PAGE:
7. The nozzle of claim 10 wherein said disc includes an apertured body through which liquid can flow when said valve means is in an open position.
8. A fluid nozzle comprising:
a nozzle body;
a fluid inlet located on one end of said nozzle body;
a fluid outlet located on another end of said nozzle body, said outlet being removably connected to said nozzle body;
a manually operated fluid control valve located in said body for controlling the flow of fluid from the fluid inlet to the fluid outlet; and
an emergency fluid flow shut-off means operatively connected to said nozzle body capable of stopping the flow of fluid through the nozzle if the fluid outlet becomes disengaged from the nozzle body;
an automatic shut-off means which automatically causes the manually operated flow control valve to move to a closed position when a container receiving fluid from the fluid outlet becomes full; and
wherein the automatic shut-off means includes a venturi means and wherein the emergency shut-off means includes a valve means biased towards a closed position and wherein the venturi means includes means for maintaining said valve means in an open position that allows liquid flow whereby separation of said liquid outlet from said nozzle body causes the venturi means to at least partially move away from a centerpoint of said nozzle body and thereby allow the valve means to move to a closed position which stops the flow of liquid.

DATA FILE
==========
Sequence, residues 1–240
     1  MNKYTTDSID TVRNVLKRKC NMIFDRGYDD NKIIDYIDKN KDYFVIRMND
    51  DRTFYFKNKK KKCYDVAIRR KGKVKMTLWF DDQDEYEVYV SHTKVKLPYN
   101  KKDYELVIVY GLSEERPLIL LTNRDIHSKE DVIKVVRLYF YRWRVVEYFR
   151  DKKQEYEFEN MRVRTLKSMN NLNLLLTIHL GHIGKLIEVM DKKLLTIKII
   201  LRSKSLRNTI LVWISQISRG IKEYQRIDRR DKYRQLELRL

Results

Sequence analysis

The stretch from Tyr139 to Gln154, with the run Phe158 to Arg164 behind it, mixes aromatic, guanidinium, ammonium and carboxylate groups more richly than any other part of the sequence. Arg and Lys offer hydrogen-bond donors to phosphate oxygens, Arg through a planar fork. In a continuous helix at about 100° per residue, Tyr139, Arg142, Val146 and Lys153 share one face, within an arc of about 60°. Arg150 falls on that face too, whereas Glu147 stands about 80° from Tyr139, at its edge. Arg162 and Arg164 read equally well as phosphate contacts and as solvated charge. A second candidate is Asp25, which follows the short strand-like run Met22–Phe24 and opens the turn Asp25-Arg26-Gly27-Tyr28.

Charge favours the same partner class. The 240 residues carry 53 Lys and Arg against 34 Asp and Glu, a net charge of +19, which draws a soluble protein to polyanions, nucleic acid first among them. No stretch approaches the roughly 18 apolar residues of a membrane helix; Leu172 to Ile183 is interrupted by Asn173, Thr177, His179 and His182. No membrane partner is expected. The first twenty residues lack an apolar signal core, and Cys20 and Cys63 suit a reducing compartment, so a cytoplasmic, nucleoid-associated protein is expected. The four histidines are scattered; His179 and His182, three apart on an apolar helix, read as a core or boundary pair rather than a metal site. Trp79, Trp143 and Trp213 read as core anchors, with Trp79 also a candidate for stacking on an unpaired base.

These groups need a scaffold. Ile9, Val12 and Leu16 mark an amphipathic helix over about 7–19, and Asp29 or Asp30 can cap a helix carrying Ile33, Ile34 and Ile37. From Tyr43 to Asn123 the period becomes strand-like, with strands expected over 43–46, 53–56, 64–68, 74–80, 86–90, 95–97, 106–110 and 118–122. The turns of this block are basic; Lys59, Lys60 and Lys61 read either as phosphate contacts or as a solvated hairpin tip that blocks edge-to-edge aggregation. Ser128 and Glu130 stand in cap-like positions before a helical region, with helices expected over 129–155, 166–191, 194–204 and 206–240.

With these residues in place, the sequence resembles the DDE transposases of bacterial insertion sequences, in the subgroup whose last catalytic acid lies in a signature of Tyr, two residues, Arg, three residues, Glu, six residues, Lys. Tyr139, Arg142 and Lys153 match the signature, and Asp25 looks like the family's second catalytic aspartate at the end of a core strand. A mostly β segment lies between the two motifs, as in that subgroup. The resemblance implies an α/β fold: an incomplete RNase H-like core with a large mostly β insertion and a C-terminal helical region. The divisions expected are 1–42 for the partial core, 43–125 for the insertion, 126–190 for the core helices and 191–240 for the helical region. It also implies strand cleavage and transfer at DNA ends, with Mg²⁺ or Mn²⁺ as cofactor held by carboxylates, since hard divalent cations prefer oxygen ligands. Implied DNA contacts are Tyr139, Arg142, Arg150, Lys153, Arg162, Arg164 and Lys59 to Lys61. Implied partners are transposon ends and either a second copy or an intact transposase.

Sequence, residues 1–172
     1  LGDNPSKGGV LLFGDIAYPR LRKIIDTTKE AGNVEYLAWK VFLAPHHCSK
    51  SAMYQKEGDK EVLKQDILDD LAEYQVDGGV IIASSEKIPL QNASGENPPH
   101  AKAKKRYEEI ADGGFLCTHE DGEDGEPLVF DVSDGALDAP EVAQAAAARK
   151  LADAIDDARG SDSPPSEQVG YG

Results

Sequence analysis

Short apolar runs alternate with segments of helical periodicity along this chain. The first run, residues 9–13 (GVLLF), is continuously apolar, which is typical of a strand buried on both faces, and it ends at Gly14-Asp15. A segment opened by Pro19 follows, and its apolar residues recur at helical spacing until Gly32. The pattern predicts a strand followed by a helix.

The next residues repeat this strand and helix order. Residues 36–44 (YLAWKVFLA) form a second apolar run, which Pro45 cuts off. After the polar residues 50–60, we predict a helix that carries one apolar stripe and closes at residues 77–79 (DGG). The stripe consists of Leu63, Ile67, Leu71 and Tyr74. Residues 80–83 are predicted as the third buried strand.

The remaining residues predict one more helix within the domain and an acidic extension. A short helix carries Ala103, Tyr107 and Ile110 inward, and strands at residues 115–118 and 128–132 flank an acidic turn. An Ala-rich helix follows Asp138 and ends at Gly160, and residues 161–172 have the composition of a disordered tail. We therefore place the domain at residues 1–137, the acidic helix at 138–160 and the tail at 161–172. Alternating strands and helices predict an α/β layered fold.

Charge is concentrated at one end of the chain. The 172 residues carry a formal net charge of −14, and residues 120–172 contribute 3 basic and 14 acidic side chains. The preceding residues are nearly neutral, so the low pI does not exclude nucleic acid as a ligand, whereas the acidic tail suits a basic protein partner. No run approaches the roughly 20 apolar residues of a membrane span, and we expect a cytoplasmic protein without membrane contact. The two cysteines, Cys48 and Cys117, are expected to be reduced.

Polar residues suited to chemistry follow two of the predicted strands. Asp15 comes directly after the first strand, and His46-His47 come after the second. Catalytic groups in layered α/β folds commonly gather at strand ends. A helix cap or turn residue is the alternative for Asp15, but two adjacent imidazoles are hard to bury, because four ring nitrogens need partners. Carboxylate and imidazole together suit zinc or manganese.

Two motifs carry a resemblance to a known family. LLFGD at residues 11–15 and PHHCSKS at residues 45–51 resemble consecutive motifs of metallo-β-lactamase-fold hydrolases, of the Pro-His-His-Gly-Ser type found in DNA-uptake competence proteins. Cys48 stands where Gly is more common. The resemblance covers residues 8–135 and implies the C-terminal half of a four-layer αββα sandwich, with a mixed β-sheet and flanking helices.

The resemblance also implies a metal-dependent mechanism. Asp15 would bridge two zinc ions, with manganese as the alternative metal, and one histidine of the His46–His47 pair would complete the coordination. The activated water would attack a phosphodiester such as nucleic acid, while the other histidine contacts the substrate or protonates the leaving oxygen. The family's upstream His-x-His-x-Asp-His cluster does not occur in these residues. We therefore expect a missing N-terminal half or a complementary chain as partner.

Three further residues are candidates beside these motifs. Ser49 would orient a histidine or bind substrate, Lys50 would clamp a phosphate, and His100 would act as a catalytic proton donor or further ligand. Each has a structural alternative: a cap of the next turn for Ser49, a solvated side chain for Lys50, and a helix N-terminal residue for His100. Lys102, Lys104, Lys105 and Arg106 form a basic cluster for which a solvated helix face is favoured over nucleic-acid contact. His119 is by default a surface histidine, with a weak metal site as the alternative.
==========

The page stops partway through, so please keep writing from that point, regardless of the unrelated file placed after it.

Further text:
9. The nozzle of claim 8 wherein the fluid outlet is connected to the nozzle body by a fastener which can be easily broken by an amount of force applied to the fluid outlet that is greater than a predetermined amount.
Description
FIELD OF THE INVENTION

The invention is in the field of liquid dispensing nozzles. More particularly, the invention is in the field of dispensing nozzles that include apparatus for automatically stopping the flow of liquid in emergency situations.

BACKGROUND OF THE INVENTION

The invention pertains to liquid dispensing nozzles of the type used on gasoline pumps. A gasoline station often has two islands and each island will have from three to six gasoline pumps. These pumps consist of a fluid pump, fluid meter, hose and nozzle. The nozzle commonly includes a flow control valve and an automatic shut-off unit. The automatic shut-off unit senses when a tank that is receiving fuel is full and stops the fuel flow accordingly.

Service stations can be of the full serve type where an attendant operates the pump or of the self-serve type where the driver operates the pump to dispense fuel into his or her own vehicle. Most times, the fuel delivery system works flawlessly and the fuel transfer is made without spillage. However, there are rare instances when a significant fuel spillage can occur.